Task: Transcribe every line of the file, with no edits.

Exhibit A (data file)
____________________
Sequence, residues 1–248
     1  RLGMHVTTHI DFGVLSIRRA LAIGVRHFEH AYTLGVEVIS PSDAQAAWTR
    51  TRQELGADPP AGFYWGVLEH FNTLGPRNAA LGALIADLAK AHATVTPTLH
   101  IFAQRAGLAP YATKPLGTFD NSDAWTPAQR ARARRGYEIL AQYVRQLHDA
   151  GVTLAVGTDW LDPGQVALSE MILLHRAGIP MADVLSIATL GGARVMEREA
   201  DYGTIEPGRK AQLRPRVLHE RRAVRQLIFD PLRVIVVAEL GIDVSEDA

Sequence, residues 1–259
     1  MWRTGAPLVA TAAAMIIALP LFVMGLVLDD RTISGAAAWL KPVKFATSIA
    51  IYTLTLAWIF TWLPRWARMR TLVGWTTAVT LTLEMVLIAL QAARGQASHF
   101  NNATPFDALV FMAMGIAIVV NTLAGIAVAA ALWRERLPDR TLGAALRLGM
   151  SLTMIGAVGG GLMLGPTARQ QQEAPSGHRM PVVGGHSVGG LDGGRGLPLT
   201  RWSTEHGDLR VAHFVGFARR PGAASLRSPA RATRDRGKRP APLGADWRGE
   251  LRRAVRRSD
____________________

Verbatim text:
Sequence, residues 1–248
     1  RLGMHVTTHI DFGVLSIRRA LAIGVRHFEH AYTLGVEVIS PSDAQAAWTR
    51  TRQELGADPP AGFYWGVLEH FNTLGPRNAA LGALIADLAK AHATVTPTLH
   101  IFAQRAGLAP YATKPLGTFD NSDAWTPAQR ARARRGYEIL AQYVRQLHDA
   151  GVTLAVGTDW LDPGQVALSE MILLHRAGIP MADVLSIATL GGARVMEREA
   201  DYGTIEPGRK AQLRPRVLHE RRAVRQLIFD PLRVIVVAEL GIDVSEDA

Sequence, residues 1–259
     1  MWRTGAPLVA TAAAMIIALP LFVMGLVLDD RTISGAAAWL KPVKFATSIA
    51  IYTLTLAWIF TWLPRWARMR TLVGWTTAVT LTLEMVLIAL QAARGQASHF
   101  NNATPFDALV FMAMGIAIVV NTLAGIAVAA ALWRERLPDR TLGAALRLGM
   151  SLTMIGAVGG GLMLGPTARQ QQEAPSGHRM PVVGGHSVGG LDGGRGLPLT
   201  RWSTEHGDLR VAHFVGFARR PGAASLRSPA RATRDRGKRP APLGADWRGE
   251  LRRAVRRSD